It always surprises me which posts here get commented on and linked to, and which ones don't (although I am no longer surprised at the amount of traffic I get from people googling 'everquest porn' or 'wow nude patch').
Translation. If I could've found a good translation for Aufbaustrategiespiel, I would've used it. Strategiespiel means strategy game of course. The hard part is Aufbau. It means construction or building, but not in the context of building another prefab house, but in the context of a major endeavour. It's more like creating something new from scratch rather than just putting one brick on top of the other. I don't know if I can make it clear: it's not my native language either. But hey, Aufbaustrategiespiel goes well with other ueberwords like Weltanschauung and Zeitgeist.
City-building games. The main difference between Aufbaustrategiespiele and city-building games is the former tend to focus on realms, the latter on cities. That is either lame or it supports my theory that genres (or in this case sub-genres) are generated around, or at least strongly influenced by one or two successful games, Sim City in the case of city-building games, The Settlers for the Aufbaustrategiespiel.
Reasons for selling Sunflowers. Greg writes:
The occasion for the piece is Ubisoft's recent takeover of Sunflowers, a German developer that specializes in the genre (they created the Anno series).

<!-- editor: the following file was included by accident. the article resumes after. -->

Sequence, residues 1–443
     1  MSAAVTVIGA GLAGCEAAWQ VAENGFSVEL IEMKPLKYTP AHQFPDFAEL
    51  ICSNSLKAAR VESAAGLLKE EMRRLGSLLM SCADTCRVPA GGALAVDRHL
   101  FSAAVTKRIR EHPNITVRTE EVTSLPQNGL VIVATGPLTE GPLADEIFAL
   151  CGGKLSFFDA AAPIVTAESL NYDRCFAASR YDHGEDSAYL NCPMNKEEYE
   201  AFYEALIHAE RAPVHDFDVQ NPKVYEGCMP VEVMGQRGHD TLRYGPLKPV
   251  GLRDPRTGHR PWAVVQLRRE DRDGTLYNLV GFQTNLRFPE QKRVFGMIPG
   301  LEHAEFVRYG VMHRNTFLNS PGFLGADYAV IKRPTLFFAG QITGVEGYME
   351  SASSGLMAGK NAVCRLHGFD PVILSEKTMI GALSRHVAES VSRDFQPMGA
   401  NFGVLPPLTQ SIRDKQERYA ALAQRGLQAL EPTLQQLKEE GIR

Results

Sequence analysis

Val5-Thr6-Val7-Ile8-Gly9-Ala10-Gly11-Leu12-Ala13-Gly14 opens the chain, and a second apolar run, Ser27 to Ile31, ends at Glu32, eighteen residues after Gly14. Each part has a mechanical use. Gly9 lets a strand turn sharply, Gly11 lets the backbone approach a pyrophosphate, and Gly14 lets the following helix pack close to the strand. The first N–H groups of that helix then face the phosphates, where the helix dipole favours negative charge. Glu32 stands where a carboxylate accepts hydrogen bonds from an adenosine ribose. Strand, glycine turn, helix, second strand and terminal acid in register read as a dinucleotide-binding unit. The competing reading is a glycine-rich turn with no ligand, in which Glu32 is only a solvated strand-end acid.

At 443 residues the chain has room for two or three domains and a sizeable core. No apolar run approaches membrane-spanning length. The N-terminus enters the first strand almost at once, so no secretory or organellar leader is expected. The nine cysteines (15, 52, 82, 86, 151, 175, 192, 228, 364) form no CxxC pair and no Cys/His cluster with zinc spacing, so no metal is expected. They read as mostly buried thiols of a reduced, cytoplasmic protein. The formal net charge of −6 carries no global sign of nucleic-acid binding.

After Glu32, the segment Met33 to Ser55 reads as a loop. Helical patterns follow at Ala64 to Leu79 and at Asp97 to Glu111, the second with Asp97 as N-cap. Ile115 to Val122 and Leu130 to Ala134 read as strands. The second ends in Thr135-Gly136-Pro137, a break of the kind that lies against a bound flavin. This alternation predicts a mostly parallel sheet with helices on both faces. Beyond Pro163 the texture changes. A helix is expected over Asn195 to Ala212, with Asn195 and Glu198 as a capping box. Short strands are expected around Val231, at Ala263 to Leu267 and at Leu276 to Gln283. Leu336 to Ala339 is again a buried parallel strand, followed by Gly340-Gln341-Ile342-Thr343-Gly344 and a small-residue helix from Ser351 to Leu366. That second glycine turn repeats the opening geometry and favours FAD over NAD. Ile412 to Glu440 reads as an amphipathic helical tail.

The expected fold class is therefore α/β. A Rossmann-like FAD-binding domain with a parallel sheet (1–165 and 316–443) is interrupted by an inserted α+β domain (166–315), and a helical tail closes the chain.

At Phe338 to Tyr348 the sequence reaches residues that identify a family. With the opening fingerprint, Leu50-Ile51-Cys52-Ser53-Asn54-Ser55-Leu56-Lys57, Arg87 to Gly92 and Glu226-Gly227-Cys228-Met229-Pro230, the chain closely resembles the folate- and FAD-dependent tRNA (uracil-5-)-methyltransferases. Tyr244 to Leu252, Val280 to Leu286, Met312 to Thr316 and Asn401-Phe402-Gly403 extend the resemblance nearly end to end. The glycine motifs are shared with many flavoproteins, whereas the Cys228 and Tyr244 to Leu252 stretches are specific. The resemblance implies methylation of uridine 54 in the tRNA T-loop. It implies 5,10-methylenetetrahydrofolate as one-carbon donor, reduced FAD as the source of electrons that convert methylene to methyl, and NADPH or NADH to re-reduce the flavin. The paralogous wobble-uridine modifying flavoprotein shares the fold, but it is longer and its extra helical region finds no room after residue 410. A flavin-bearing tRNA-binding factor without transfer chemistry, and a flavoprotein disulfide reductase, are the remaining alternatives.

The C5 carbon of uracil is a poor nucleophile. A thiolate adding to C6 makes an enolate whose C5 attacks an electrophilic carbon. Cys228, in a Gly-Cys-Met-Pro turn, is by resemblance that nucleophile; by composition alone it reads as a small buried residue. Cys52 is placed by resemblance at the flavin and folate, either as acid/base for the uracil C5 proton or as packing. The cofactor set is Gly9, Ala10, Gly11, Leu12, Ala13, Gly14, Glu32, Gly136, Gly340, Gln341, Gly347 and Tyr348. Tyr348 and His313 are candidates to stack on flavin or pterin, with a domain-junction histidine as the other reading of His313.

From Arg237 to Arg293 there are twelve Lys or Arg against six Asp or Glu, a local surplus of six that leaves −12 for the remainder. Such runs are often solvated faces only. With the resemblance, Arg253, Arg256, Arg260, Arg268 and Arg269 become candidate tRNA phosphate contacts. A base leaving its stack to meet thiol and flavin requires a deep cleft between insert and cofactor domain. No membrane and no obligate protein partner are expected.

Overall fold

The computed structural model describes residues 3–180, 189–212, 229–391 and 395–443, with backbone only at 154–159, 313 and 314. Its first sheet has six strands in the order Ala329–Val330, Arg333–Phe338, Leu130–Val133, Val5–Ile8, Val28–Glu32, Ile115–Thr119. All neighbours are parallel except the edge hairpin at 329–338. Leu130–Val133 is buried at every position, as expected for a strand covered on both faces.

I suspect there's a bigger problem than disparity in market acceptance, though; like conventional RTS game, Aufbaustrategiespieler are inherently PC-only--you need a pointing device to handle the many units involved in real-time, and (save perhaps for the Wii), consoles don't have 'em. Thus, you restrict your market to PC owners--and the recent Anno games, at least, have been multi-million dollar development projects. It's very hard to make back that kind of investment with a PC-only game.
Hence, I suspect, Sunflowers' sale.
For what it's worth: Sunflowers is a publisher, not a developer, and as far as I know they didn't create the Anno series, a small Austrian company called Max Design did.
I suspect that Anno 1701 was a commercial success, but it's true that it's hard for a smaller company (compared to Ubisoft) to really develop the franchise. From what I can tell other games published by Sunflowers were not as successful as Anno. I am a bit skeptical about console ports. Since buying Blue Byte in 2002, Ubisoft has made one non-PC version of The Settlers, and that is a) on the DS and b) not out yet. EA seems to be making a strong effort to get RTS games unto consoles, but based on what I saw of that Lord of the Rings games, they're not quite there yet.
Pacifism. Greg seems skeptical regarding what I wrote about marketing differences between Europe and the U.S. I was at Blue Byte during the development of several Settlers games, and worked on a Nations title (a game resembling The Settlers) at JoWooD, and basically the box art had to be changed at the request of the respective US offices pretty much every time. I could infer something from this, but I don't really feel qualified to do so (despite this being a blog and journalistic standards being low). If I was going to play the pop sociologist, I could idly suggest a link between certain game genres that are popular in the German market, and the Wirtschaftwunder, the economic upturn in West Germany in the 1950s. But I don't really know enough about German history to make this connection with certainty.
More about typically German game genres and their political aspects in a future post.